Entonces, ¿quién es mejor en el cine, ¿Marvel o DC? Para muchos es Marvel, porque toma el liderazgo en cantidad de producciones que se ajustan a un solo universo, lo que viene como un gran logro, varias películas son de muy buena calidad (no están exentas de fallas) y cuentan para una diversidad más diversa. audiencia. Por otro lado, es DC, quien recientemente se ha visto sombreado por el nuevo éxito de su competidor y también por el fracaso de sus últimas películas: Superman vs Batman, Justices league , Wonder woman, que fue la única que tuvo éxito.

Original linkOriginal author: CRIST YARITH QUIMBAYO MORALES

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Marvel’s attack on conservatives in comics has nothing to do with socialism, please stop repeating…

Marvel’s attack on conservatives in comics has nothing to do with socialism, please stop repeating this lie.

It’s not socialism if:

You work under a defined hierarchy.You are grossely underpayed.You don’t own the rights to the work.Calling out injustice in that field blacklists you from others in that field.

None of this is how socialism works.

Please actually fucking study what socialism is, and you’re being exactly the same kind of manipulative shits others in this industry are.

Original linkOriginal author: Psypher Sarah

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“National Emergency”

by Pia Guerra

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Original linkOriginal author: The Nib

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Marriage is a difficult thing for pairs

There is not one thing about this comic that is right. I am really at a loss as to why I would create such a thing. ©️andrew ulanoff 2019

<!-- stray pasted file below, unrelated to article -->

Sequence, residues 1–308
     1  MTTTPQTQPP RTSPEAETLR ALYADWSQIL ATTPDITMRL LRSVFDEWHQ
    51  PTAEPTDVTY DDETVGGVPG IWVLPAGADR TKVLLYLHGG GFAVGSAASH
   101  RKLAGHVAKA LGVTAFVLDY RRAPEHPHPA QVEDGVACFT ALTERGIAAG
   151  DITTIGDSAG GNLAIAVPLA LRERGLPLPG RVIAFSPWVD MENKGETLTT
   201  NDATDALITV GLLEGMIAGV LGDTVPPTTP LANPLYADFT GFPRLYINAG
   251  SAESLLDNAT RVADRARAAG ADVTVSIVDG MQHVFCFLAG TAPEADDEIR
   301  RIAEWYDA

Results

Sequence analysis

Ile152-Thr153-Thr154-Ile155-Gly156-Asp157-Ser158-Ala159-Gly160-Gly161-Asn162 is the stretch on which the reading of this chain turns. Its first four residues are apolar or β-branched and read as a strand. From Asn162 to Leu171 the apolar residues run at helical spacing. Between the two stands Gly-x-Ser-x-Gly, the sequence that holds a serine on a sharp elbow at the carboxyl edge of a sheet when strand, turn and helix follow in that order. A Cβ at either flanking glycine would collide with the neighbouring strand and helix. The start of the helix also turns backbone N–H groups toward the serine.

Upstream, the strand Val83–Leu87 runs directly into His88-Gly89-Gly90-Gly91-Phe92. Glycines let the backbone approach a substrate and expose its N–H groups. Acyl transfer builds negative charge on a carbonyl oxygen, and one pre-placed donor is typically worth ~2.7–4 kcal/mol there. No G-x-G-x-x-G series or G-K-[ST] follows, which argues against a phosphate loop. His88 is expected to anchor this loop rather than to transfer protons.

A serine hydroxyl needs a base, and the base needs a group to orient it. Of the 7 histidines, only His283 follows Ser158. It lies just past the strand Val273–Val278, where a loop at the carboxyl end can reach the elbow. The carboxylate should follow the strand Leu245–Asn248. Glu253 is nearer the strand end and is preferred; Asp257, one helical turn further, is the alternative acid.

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Original linkOriginal author: agency andy

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What’s Next?

Sometimes I think I don’t want to be anywhere

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Original linkOriginal author: Hilary Fitzgerald Campbell

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Interview with David Jablin, Editor & Publisher of Imagination Fanzine circa 1971

Ken Meyer Jr. • Ink Stains • December 2018

Q: When and how old were you when you got into comics in general?

I was three years old when I picked up my first comic book. It was at a local barber shop in Flushing, Queens while reluctantly waiting for a haircut. Stuffed between some issues of Archie and Highlights magazine, was a well-worn Superman comic — issue 113 to be exact. I can pinpoint this as the precise moment I was first transported to another universe. My mother read the cover aloud to me… “Superman: A 3-Part Novel!” Here was this colorful, caped character watching another strangely costumed man fighting a robot on this huge atomic TV. Superman’s word balloon read, “My father from Krypton was a Superman too! He had to protect a queen the way I do Lois Lane!” I got it. I couldn’t read it but I could somehow follow the whole story.